You can find some wonderful things in the most unlikely of places. In this particular case a trek – well actually a very lengthy cycle ride – into one of Jakarta’s dodgiest districts, Tanjung Priok, a rough and ready port area, which very few expats get to visit. I’d only ever been here a few times before – to catch Pelni ships to far flung places in the archipelago - and it was during my first trip to Priok about 20 years ago that someone slashed open my rucksack from behind but, luckily for me, didn’t manage to steal anything of value – probably put off by the stench given off by unwashed T shirts I guess! Besides, anything of value – which wasn’t much - was safely kept in my money belt strapped tightly around my waist.
Not far from the gigantic port – which was established by the Dutch after the traditional Sunda Kelapa port revealed its limitations - are a motley collection of bars and dangdut joints. Parched as a castaway on a remote Indonesian island, I felt like popping in for a much needed Guinness, but the charmingly-named Monalisa wasn’t yet open for custom, alas.
“Later on”, the security guys told me. But if Priok is rough during the day, I can’t imagine what the bar would be like at night. Well actually I can. As can be seen in this YouTube video recorded a while back in Priok featuring the inimitable Chacha Romeo, a 58 year old dangdut singer who likes to get it on with six supporting female singers – ranging in age from a positively aging twenty-something down to only 15.
Besides the area’s dodgy bars, drunken sailors and multitudes of street hoodlums, Tanjung Priok is also known for its riots. It was back in the glory years dark days of the Suharto era that bloody riots kicked off on 12 September 1984 after a Suharto stooge infuriated Muslims by entering a mosque without taking his shoes off in an attempt to remove some brochures and banners critical of the government. During the riots, nine members of a Chinese Muslim family headed by Tan Kioe Liem perished in their pharmacy which was burned to the ground while scores and possibly hundreds of rioters were shot dead.
More recently, in April 2010, protestors went on the rampage in response to government plans to bulldoze illegal buildings, including gates to a sacred tomb complex which apparently did not have permits. Three public security offices (Satpol PP) were battered to death and hundreds of protestors and security officers were injured.
So what is the wonderful thing I mention at the beginning of this article? Well, right in the heart of Priok stands the magnificent Tanjung Priok train station, built by the Dutch back in 1914 and one of the oldest stations in Indonesia which is also designated a heritage building by the city’s government.
This is the station which would have allowed travelers who had arrived by ship at the nearby port to continue their journey by train, taking them to faraway places such as Malang and Surabaya in East Java, which, at that time, would have entailed a journey through Java’s dense jungle, then so full of tigers that they were described by villagers as “the plague”. How times change!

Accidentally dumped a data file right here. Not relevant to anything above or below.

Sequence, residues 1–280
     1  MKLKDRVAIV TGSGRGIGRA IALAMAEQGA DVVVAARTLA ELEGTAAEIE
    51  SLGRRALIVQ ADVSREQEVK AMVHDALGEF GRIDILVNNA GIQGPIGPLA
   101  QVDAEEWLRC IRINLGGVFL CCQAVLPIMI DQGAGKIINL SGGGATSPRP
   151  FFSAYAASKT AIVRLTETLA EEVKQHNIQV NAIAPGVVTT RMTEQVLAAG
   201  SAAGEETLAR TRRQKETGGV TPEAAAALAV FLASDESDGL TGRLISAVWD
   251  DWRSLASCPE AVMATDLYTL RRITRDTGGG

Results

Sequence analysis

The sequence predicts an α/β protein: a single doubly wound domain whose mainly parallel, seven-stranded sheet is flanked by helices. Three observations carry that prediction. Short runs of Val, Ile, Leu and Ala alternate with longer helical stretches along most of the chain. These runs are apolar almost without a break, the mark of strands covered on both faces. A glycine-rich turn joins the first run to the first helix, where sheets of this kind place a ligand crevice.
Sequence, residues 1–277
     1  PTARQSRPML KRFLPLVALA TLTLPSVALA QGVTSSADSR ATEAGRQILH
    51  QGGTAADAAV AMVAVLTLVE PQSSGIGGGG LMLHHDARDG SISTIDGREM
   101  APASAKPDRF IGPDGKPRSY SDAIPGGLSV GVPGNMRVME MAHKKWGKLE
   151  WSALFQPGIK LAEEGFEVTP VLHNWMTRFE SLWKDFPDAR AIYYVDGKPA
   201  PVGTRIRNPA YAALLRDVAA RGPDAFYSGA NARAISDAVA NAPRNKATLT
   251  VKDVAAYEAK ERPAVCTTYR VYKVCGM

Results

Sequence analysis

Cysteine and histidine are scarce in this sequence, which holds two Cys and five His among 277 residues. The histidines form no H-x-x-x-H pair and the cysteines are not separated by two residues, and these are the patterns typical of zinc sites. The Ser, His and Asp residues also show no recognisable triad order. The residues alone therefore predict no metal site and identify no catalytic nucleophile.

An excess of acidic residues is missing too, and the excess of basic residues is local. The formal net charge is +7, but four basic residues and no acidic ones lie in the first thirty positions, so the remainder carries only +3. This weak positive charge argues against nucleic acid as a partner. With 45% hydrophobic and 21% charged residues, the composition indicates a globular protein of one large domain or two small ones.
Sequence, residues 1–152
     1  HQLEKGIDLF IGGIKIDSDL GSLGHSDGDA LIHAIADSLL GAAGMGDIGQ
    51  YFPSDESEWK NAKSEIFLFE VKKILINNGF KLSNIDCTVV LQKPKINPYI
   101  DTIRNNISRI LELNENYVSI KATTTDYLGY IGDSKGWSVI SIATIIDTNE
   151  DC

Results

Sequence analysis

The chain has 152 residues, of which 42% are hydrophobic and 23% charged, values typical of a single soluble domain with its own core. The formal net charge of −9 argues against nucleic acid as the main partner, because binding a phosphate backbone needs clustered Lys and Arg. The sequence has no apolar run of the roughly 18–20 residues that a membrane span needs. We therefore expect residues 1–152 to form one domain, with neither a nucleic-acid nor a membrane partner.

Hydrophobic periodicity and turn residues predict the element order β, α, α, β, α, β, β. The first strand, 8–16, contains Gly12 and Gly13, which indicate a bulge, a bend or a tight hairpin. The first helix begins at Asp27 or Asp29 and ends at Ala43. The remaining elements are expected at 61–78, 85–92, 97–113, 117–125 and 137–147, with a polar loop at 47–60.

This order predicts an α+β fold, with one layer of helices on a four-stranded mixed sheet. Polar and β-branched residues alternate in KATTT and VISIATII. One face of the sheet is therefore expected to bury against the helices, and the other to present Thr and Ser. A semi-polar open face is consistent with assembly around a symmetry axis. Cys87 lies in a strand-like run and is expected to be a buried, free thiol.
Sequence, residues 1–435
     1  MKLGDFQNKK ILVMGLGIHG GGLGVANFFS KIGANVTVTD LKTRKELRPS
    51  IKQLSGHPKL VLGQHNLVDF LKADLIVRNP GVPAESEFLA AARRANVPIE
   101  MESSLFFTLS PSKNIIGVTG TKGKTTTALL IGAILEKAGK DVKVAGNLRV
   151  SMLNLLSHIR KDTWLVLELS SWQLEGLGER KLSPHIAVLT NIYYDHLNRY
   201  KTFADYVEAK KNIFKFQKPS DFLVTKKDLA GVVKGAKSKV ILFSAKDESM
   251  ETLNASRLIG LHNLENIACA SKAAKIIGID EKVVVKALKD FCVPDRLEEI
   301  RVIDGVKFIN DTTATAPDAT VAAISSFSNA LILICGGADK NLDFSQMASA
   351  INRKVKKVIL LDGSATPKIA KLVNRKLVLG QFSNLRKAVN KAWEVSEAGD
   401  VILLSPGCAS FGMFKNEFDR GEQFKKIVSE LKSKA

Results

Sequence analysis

From inside, the sheer scale of the train station building is truly impressive and it features what must be one of the largest roofs on any building in the whole of Indonesia. Unfortunately for me, however, an overzealous little man in a uniform which looked about six sizes too small for him objected to me taking any photos in the station. I would have to have a permit, he said, obtained from another historic railway station called Stasiun Kota – about 7 or 8 kilometers away. What he really meant, of course, was that he was after a bung – and there was no f***ing way he was going to get that from me!
Despite its designation as a heritage building, the condition of the station is a bit of a concern to be honest and many of the doors and windows are boarded up. So will this remarkable building from a bygone age just be left to rot like many of the old buildings in Jakarta’s historic Dutch quarters of Kota? Well possibly not. Its fate, as recently touched on by the Director General of Transportation, might be to be converted into either apartments or a luxury shopping mall. And you know what? That doesn’t surprise me at all!
- Tanjung Priok is one of Jakarta’s roughest areas, so play it safe and don’t carry too much cash etc.
- The dodgy bars are an experience but bear in mind that you may well stick out like an orangutan in Plaza Indonesia. There’s also a good chance that locals will try and provoke you into a fight – especially as the night progresses and people get drunk. If you’re not the type to turn the other cheek then stay well away from these bars – Indonesians never lose a fight.
- As Jakarta’s port area, the traffic jams can be monstrous – even by Jakarta’s insane standards. Consider using the train – trains leave for the Tanjung Priok station from the busy Jakarta Kota station. If you want to drive, traffic is much lighter on Sundays.
- Other interesting places to visit in North Jakarta are Ancol Dreamworld, the historic Dutch quarters of Kota, and the old Sunda Kelapa harbor. Oh and Alexis is also nearby – although that’s another story altogether!
*A slightly different version of this article has been published in Jakarta Expat.